Peak Oil is coming. That won’t save the world

So says the International Energy Agency, which said in its global energy outlook released on Wednesday that more aggressive climate action will be needed as leaders prepare for the crucial COP26 summit in Glasgow in November.

“The world’s tremendously encouraging dynamic for clean energy clashes with the stubborn predominance of fossil fuels in our energy systems,” Managing Director Fatih Birol said in a statement. “Governments must resolve this at COP26 by sending a clear and unequivocal signal that they are committed to the rapid diffusion of the clean and resilient technologies of the future.”

More than 50 countries and the European Union are committed to meeting the net zero emissions targets. If they meet these commitments, fossil fuel demand will peak by 2025, but global carbon emissions would only decrease by 40% by 2050, well below zero.

In this scenario, the world would still be consuming 75 million barrels of oil a day by 2050 – just 25 million barrels a day less than it is today.

The energy sector has been supported by a sharp rise in prices in recent weeks.
Natural gas prices in Europe and Asia have skyrocketed, while coal prices in China have hit record levels. This has helped drive oil prices to their highest level since 2014 as some utility companies use oil to generate electricity.

But the IEA report contains a warning to the fossil fuel industry. The demand for oil spikes in every scenario the agency studied, and if countries deliver on their climate promises, that moment will happen in a few years.

What is needed

Investments in clean energy projects and infrastructure are currently falling short. The IEA has stated that the development of new oil fields or coal mining projects must be stopped if the world is to limit warming to 1.5 degrees Celsius.

“There is a risk of further turbulence for the global energy markets,” said Birol. “We are not investing enough to meet future energy needs, and the uncertainties are preparing the conditions for a volatile phase ahead of us.”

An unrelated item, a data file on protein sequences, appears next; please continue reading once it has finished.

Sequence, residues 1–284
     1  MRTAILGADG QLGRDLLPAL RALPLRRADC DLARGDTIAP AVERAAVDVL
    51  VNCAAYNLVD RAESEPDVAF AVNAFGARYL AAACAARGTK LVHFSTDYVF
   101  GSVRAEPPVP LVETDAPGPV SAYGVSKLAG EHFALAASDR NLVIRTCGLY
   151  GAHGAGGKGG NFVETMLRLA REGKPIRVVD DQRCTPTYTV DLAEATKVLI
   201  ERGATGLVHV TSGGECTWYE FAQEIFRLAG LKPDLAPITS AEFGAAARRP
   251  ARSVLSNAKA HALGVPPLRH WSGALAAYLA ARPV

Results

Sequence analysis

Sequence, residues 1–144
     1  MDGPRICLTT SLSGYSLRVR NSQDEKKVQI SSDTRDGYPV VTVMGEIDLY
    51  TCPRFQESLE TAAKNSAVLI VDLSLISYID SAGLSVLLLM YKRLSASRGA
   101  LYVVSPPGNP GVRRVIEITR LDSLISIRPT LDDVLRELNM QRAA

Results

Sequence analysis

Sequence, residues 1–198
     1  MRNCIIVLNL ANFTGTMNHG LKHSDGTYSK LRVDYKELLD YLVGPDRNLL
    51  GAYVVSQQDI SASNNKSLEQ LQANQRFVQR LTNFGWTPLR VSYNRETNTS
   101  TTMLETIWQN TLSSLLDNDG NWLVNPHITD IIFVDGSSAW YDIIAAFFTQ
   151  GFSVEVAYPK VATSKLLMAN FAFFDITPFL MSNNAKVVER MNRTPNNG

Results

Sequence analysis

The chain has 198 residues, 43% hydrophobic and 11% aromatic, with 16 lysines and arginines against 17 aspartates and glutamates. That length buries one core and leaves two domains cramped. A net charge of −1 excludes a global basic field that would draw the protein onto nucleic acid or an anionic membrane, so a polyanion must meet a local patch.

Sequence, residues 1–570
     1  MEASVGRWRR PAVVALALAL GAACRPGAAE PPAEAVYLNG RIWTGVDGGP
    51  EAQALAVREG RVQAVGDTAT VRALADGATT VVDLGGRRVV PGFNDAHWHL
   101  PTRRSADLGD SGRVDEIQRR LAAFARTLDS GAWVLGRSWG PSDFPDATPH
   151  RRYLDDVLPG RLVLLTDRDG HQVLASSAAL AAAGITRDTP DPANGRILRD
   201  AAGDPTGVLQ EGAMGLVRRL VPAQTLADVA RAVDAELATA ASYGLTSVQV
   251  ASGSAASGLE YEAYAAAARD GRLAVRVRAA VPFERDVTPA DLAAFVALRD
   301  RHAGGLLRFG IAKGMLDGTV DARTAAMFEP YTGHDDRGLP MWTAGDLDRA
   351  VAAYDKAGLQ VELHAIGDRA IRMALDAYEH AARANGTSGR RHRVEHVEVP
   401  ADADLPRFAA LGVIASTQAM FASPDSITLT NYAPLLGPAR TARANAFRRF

Birol said investments in clean energy must more than triple over the next decade to achieve net zero emissions. About 70% of this expenditure should be made in developing countries “where funding is scarce and capital remains up to seven times more expensive than in advanced economies”.

“The way forward is difficult and narrow, especially if investment continues to lag behind what is needed,” said its IEA report. However, it remains “hopeful” when the heads of government step on the table next month.

The investment boost required is largely “carried out by private property developers, consumers and financiers who respond to market signals and guidelines set by governments.” These actors need “an unmistakable signal from Glasgow”, where the heads of state and government will meet in November for international climate talks, stressed the IEA.

Before COP26, the momentum had built up to implement tougher measures such as ending the use of coal, the most carbon-intensive fuel. But talks have been hampered by the recent energy crisis, which is fueling fears that businesses will close and consumers face rising bills this winter.

Last month, China pledged not to build new coal-fired power plants overseas. However, to alleviate the worsening electricity crisis, Beijing recently ordered the mines to ramp up production.

The IEA projects that ask for coal decrease by 10% by 2030 if countries meet their climate commitments. In order to limit the warming to 1.5 degrees Celsius and to prevent a climate catastrophe, consumption must be reduced by 55%.

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